Larry Efird: A chance of showers — or storms
“May my teaching drop as the rain, my speech distill as the dew, like gentle rain upon the tender grass, and like showers upon the herb.”
Whenever I sit on my front porch while smelling a gentle spring rain shower and peacefully enjoying a hot cup of coffee, having pleasant thoughts such as these is easy. They sound as if they could have been penned by a British poet inspired by the majestic hills and lakes of Northern England.
But the man who gets the credit for these lines is actually the Old Testament prophet and leader Moses, as he was about to instruct his fellow Hebrews on their arduous journey to the Promised Land. Ironically, Moses wasn’t known for tact and gentleness on most occasions when dealing with an oftentimes cantankerous group of people, so I find these words coming from him to be even more significant.
What nice thoughts these words are, but I don’t think most teachers would characterize the majority of their teaching days by using this description. Based on my own experience I could easily alter these idyllic sentiments by saying that sometimes my teaching can “crash down like hailstones on crabgrass. ” I would like to think that my teaching is like a gentle, dropping rain in spring as I calmly and patiently instruct students who are themselves like passive fields of “tender grass and herbs.” The only problem is that most school settings are far from being places of peace and tranquility. That’s usually reserved for holidays and workdays.
Many people are accustomed to having a weather app or two on their smartphones these days, which warns them of any inclement or potentially dangerous weather situations. I wish I could have an app on my smartphone that would alert me to any “situations” my students might be dealing with before they enter my classroom. It’s amazing what can happen during the six minutes between classes or during the lunch break. Teachers can easily be caught off guard when someone enters the room fresh from a boyfriend or girlfriend crisis which can spell disaster for that student’s day, along with everyone else’s, especially if he or she wants to share their suffering and drama universally.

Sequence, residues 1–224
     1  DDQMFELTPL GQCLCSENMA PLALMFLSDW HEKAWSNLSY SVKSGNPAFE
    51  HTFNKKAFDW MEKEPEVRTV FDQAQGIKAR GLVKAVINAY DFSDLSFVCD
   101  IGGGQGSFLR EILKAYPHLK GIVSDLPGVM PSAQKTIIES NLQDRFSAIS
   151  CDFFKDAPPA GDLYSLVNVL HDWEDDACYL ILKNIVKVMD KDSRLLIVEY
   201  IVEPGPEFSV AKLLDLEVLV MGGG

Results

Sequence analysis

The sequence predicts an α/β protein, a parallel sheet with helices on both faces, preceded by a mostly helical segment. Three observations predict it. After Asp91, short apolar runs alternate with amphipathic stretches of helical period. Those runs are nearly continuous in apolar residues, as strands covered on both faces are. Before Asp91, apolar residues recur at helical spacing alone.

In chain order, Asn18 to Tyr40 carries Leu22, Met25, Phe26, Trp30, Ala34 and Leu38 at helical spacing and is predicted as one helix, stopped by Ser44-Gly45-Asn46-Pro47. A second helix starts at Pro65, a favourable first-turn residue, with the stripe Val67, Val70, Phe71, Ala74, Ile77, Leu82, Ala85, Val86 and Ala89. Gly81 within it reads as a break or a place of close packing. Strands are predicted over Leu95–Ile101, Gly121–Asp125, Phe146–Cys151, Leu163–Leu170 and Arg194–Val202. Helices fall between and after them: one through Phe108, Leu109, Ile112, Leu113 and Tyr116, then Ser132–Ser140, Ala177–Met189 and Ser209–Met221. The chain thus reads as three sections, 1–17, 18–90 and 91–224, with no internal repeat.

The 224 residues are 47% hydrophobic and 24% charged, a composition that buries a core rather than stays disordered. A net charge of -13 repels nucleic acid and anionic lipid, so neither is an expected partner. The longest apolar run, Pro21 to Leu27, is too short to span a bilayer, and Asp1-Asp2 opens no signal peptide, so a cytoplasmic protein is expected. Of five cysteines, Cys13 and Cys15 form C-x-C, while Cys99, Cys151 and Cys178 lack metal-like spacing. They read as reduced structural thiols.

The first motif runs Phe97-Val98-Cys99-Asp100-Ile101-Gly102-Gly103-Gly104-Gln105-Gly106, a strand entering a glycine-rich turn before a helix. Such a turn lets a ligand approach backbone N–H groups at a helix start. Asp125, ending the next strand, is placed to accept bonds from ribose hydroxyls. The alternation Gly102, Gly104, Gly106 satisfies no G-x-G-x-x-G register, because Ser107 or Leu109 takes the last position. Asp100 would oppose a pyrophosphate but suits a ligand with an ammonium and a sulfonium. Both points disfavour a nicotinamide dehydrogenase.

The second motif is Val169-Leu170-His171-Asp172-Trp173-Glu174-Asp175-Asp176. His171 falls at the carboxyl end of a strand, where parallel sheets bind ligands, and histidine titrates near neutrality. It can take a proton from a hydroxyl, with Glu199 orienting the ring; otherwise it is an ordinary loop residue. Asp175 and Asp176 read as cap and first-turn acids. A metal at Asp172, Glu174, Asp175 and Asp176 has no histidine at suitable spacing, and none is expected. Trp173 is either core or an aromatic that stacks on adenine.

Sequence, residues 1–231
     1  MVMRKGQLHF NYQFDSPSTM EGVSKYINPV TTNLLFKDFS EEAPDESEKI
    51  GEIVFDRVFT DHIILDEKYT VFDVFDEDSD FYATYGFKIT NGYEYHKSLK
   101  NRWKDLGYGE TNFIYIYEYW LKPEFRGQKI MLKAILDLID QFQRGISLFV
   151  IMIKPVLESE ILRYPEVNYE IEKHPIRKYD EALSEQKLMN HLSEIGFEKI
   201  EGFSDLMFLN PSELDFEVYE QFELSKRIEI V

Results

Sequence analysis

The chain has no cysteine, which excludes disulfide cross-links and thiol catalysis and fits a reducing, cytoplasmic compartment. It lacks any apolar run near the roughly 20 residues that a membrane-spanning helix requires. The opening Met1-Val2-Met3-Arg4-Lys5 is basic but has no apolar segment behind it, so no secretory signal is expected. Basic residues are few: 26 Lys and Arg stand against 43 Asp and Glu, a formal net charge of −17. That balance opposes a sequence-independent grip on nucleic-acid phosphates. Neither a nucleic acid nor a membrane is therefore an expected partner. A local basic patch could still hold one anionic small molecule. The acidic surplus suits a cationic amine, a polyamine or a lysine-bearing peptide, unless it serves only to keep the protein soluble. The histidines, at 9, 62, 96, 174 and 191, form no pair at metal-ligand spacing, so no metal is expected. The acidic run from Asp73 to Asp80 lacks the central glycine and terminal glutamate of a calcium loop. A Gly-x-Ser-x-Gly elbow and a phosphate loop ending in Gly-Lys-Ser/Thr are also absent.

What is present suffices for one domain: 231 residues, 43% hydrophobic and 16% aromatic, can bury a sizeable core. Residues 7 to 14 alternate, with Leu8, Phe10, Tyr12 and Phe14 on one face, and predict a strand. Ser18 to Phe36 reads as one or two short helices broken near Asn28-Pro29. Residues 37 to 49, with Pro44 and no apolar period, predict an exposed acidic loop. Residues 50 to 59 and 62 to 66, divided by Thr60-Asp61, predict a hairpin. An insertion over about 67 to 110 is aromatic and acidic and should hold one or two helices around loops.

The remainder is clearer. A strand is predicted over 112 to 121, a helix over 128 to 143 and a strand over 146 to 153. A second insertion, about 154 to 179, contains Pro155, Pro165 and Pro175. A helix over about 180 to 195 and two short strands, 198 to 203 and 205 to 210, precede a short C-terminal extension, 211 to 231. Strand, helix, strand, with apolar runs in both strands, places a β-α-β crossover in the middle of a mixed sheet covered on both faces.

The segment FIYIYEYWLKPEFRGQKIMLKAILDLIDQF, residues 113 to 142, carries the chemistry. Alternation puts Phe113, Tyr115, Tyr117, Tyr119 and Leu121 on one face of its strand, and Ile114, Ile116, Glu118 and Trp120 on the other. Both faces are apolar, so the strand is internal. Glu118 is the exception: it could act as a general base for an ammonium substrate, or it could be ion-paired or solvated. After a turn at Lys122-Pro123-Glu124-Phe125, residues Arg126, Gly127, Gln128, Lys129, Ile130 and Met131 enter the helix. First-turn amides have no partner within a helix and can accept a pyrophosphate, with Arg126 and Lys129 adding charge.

I can’t think of how many times my first period went off as planned, only to see the day begin to unravel as students’ stress levels increased hour by hour. That’s when I’d like to think that all that those “young and tender minds” need is the refreshment of some good old-fashioned intellectual stimulation—at least for a temporary distraction from their pain and suffering. And if that thinking sounds a bit delusional, then maybe they could use a caring word to help them regroup and refocus.
Teaching is hard work; learning is also hard work. Both teachers and students have to put forth a great deal of effort when they come together to approach their daily task of accomplishing learning goals and objectives. I have often told my students that if I’m not making them think, then I’m probably not teaching them very much. They don’t always like to think, so they can’t always appreciate my efforts on their behalf.
The average day in a school can be as unpredictable as the weather, despite solid lesson plans and wonderful collaboration with my colleagues. That’s why I can easily see the connection between students and storms. We’ve all been caught without our umbrellas before, and perhaps we’ve even needed to find refuge in a safe place once the ominous clouds appeared on the radar. But either way, there was the security of knowing that storms always pass.
I’m a teacher, not a weather forecaster, so I know my limitations when it comes to predicting the actual weather. (The pain I get in my little finger when a front is moving through the area isn’t always accurate.) Likewise, I can’t always know when something is about to erupt in a student’s life in the middle of class.
Fortunately, I do believe there are some special times when Moses’ words do accurately reflect what happens in a classroom. That’s why teachers keep going to work every day. The smart ones have just learned to keep an umbrella handy in case they need it.
Larry Efird teaches at A.L. Brown High School.